The Hedgehog Review

The Hedgehog Review: Vol. 19 No. 3 (Fall 2017)

Signifiers

Vulgarity

Robert Boyers

The Hedgehog Review

The Hedgehog Review: Fall 2017

(Volume 19 | Issue 3)

Do we any longer use the term vulgar? There was a time, not so long ago, when it was as often employed as coarse or common. We take it that something is said to be vulgar when it is low, indecent, gross, trite, or ostentatious. The several possible meanings of vulgar are not perfectly synonymous, but it is obvious that informing each of them is a sense that certain things are disreputable, that they exist—so it can seem—principally to be disdained. Though the psychoanalyst Adam Phillips may well be right to say that “we don’t really know what is vulgar about vulgarity,” we are always confident that the word refers to qualities we are pleased to dislike and condescend to.

One of the many odd things we note about vulgar is that it has largely disappeared from ordinary speech. Many objects, acts, or utterances that would once have seemed vulgar now seem no longer notable enough to inspire condemnation. Violations of propriety, of so-called good taste, are now often regarded as legitimate expressions of protest against conventional decorum. Indecency itself—in fashion, in art, in daily speech—is today, more often than not, a mark of legitimate extravagance, daring, or wit. To be outré, to reveal or expose too much, to appear to be trying too hard to produce convulsive effects, is no longer to be vulgar but to be engaging in a species of performance, and those who earnestly scorn what they see are clearly out of touch with the spirit of the culture. The secure judgment required to complete the formerly standard transaction is no longer much in evidence. We remember what vulgar used to signify, but we are loath to invoke or rely upon the ostensible good taste that alone underwrites the adverse judgment. Vulgarity has by now become quaint, anachronistic. To respond with such a word to Donald Trump is in effect to miss what is genuinely grotesque in the man and in the language he uses, to condescend to something that deserves more than disdain. Those for whom Trump is merely an opportunity to declare their superior status—as thinkers or sophisticated moral beings—have little hope of coming to terms with the reality he embodies.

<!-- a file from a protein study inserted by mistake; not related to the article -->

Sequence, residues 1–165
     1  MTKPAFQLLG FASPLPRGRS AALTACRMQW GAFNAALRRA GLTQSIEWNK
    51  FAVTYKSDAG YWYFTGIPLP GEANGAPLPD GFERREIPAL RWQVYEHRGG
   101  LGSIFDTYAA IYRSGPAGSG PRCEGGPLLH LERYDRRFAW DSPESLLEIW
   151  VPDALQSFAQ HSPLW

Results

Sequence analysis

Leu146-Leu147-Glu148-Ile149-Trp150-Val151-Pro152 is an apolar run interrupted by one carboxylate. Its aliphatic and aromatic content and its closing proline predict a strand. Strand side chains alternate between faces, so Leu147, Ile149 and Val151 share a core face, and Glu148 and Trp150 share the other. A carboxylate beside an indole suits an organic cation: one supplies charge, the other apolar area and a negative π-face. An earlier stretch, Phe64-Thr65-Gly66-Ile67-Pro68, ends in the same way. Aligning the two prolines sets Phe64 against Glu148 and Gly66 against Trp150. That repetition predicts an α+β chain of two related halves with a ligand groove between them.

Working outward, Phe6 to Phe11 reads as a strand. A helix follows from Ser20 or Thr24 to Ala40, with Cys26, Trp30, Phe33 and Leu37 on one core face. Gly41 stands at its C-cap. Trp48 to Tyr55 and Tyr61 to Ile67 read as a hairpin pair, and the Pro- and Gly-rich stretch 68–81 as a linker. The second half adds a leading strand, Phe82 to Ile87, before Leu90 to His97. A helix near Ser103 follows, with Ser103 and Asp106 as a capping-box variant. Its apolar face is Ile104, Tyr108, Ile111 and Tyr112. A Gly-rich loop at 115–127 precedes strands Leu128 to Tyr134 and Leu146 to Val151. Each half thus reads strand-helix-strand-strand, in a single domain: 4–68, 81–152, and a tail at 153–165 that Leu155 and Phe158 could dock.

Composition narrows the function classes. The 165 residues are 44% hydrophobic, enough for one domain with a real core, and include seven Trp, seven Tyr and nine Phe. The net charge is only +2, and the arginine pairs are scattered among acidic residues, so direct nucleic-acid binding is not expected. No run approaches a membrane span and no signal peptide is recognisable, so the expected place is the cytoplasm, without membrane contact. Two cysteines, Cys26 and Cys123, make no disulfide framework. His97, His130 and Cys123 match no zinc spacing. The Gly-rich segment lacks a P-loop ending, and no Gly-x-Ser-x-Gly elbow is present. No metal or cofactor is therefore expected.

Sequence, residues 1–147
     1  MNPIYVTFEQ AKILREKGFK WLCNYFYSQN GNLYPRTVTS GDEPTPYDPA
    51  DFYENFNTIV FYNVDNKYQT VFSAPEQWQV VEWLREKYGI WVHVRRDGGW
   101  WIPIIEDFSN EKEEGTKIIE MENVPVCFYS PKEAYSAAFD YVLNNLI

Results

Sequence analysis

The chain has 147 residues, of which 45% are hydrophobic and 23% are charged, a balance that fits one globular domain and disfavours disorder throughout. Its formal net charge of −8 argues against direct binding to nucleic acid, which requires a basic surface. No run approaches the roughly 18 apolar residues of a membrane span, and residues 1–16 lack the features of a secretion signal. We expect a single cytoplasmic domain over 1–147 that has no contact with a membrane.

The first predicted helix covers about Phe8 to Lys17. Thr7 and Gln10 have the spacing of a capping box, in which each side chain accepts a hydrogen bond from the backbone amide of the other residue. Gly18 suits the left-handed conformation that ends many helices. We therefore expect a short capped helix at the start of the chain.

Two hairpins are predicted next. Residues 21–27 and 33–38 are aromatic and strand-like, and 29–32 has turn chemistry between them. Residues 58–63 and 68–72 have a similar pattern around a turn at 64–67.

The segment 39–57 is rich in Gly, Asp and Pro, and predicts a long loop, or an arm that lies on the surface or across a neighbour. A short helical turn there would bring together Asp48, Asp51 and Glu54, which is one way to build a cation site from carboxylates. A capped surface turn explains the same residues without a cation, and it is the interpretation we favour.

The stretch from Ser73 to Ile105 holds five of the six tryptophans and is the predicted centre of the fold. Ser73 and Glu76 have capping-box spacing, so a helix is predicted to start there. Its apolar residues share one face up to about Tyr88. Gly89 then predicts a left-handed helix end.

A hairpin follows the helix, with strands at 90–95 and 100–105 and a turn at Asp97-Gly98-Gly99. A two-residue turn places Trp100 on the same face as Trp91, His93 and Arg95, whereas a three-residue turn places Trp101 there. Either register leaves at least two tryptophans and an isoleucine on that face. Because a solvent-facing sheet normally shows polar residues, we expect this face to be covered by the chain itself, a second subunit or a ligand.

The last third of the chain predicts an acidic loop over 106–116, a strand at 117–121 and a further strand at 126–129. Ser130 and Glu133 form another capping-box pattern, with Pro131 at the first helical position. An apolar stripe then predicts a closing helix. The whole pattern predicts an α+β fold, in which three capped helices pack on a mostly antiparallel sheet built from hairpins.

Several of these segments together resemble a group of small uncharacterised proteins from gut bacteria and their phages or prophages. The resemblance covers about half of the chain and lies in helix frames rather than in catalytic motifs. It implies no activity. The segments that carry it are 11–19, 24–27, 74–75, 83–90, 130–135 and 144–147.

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Robert Boyers is the editor of Salmagundi Magazine, a professor of English at Skidmore College, and director of The New York State Summer Writers Institute. The most recent of his ten books is The Fate of Ideas (Columbia University Press).

Reprinted from The Hedgehog Review 19.3 (Fall 2017). This essay may not be resold, reprinted, or redistributed for compensation of any kind without prior written permission. Please contact The Hedgehog Review for further details.

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Published three times a year by the Institute for Advanced Studies in Culture, The Hedgehog Review offers critical reflections on contemporary culture—how we shape it, and how it shapes us.

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